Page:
Circadian Technologies has published data in Investigative Ophthalmology & Visual Science (IOVS) showing that VEGF-C expression is markedly up-regulated in corneal graft rejection. The data also showed that VEGF-C blockade, through administration of Circadian's lead development candidate VGX-100, a human antibody against VEGF-C, significantly improved corneal graft survival in an animal model. The data indicates a new therapeutic opportunity for VGX-100 to improve corneal graft survival.
While most corneal grafts take very well, it is estimated that between 10% and 30% of grafts will be rejected within six to 12 months, particularly in "at-risk" patients who have a highly vascularized eye bed or in whom a graft has previously failed. The study, which was led by Professor Reza Dana and Dr Amir R. Hajrasouliha of the Schepens Eye Research Institute, Harvard Medical School department of ophthalmology, showed that VEGF-C was markedly up-regulated in rejected corneas and that administration of VGX-100 was able to significantly improve corneal graft survival.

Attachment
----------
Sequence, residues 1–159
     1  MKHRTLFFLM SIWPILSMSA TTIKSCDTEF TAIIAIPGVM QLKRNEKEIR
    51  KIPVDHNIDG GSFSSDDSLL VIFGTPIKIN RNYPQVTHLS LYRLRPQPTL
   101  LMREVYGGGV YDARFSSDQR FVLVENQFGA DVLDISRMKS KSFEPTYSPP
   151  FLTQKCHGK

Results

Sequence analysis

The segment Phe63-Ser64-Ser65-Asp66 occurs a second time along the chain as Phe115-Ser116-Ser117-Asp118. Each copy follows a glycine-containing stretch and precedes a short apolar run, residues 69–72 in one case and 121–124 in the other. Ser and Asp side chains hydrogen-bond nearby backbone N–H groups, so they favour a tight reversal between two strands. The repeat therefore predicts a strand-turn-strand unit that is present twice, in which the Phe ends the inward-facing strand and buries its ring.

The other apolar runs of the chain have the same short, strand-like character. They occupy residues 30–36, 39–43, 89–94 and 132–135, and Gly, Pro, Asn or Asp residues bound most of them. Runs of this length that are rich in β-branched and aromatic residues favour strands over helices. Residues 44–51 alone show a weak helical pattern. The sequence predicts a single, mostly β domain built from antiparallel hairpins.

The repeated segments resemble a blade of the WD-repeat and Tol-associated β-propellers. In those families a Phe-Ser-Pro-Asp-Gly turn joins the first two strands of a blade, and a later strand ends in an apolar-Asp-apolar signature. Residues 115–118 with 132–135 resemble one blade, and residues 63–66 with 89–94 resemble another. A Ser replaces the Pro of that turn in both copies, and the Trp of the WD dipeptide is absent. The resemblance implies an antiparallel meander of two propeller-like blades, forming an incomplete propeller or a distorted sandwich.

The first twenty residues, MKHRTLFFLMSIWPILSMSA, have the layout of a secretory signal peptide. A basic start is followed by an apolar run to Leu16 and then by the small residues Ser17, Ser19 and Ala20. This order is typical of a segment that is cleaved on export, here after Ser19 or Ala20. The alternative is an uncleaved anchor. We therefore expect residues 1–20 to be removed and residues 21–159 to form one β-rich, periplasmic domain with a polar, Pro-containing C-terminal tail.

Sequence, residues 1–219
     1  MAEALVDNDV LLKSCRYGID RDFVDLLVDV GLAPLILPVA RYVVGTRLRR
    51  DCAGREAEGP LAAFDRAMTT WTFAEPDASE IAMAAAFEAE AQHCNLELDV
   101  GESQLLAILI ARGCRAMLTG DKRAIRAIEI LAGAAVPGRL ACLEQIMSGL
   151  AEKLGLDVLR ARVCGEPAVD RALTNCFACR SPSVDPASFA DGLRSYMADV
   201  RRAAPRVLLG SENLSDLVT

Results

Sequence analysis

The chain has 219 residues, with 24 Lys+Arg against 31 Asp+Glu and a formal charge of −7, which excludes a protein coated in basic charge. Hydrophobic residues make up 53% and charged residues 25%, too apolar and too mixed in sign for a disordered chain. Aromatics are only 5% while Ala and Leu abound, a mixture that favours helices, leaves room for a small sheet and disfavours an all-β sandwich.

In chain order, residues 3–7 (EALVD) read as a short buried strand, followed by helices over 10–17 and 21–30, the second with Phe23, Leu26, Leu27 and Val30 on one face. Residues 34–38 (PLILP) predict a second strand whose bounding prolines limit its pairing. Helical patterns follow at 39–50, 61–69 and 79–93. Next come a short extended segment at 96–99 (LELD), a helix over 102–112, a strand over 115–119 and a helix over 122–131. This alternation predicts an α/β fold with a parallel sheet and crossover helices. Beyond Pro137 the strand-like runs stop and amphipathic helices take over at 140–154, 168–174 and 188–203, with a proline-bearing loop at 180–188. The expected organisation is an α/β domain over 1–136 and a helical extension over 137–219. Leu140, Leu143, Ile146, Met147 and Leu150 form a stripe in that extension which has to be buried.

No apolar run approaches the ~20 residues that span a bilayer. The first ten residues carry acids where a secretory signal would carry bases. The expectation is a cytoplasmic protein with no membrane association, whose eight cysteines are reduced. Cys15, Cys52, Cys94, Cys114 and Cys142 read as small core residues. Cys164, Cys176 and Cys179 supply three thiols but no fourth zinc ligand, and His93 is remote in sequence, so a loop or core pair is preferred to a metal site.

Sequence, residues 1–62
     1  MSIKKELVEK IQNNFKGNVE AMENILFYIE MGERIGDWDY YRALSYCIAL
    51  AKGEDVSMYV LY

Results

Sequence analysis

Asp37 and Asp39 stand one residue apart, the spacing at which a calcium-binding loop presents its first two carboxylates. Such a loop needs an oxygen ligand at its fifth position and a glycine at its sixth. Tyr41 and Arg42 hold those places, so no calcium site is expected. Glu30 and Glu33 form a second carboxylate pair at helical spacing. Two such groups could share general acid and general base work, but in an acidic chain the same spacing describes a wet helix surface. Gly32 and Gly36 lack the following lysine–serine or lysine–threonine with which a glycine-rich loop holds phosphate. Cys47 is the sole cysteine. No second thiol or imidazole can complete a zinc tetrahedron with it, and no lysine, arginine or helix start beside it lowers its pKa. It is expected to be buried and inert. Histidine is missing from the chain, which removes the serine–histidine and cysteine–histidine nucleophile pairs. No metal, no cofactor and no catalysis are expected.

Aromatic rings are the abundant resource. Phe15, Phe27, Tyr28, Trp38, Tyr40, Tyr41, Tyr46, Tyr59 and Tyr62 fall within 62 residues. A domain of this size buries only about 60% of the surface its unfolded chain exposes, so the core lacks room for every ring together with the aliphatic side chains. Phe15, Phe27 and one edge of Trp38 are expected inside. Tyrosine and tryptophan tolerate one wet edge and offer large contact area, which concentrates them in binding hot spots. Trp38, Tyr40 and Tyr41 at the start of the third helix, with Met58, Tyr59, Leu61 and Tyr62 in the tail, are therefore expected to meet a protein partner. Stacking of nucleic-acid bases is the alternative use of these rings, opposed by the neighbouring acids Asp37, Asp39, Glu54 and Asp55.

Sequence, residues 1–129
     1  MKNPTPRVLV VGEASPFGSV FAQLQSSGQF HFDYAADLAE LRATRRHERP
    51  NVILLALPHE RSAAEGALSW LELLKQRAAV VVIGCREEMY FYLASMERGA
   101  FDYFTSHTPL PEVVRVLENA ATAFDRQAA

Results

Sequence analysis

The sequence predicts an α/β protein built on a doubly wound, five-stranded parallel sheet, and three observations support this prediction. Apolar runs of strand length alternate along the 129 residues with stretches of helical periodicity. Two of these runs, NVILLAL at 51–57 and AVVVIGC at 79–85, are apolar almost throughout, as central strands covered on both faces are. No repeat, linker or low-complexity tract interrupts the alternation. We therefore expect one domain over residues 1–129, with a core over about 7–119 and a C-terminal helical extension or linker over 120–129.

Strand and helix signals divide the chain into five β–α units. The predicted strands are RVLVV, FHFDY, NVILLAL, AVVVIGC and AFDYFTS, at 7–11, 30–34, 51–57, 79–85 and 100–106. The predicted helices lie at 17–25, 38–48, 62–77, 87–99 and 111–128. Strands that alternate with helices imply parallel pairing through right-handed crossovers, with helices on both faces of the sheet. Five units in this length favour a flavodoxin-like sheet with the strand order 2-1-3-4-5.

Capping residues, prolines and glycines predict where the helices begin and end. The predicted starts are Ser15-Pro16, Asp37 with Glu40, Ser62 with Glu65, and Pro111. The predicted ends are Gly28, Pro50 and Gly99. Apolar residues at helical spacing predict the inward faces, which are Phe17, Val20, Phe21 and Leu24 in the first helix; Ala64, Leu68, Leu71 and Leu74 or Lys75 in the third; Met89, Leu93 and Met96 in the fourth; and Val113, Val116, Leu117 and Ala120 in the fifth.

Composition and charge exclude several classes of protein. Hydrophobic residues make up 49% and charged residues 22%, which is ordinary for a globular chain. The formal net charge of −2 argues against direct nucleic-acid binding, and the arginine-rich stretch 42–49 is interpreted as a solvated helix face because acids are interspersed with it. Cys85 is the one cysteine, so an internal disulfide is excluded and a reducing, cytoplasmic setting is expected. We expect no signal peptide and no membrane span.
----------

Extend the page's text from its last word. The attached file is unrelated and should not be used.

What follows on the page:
"Corneal grafting can have enormously positive results for patients who may otherwise become blind. While grafting success has improved significantly over the past 20 years, there are still a large number of grafts which continue to fail,” said Dana, senior author of the study. “Our findings demonstrating that VEGF-C is up-regulated in graft failure and that blockade of VEGF-C could significantly improve graft survival and identify VEGF-C blockade as an exciting new therapeutic possibility for improving corneal graft survival."
Cicadian Technologies is currently undertaking additional preclinical studies with VGX-100 in the corneal grafting setting with the aim to commence clinical trials in 2013.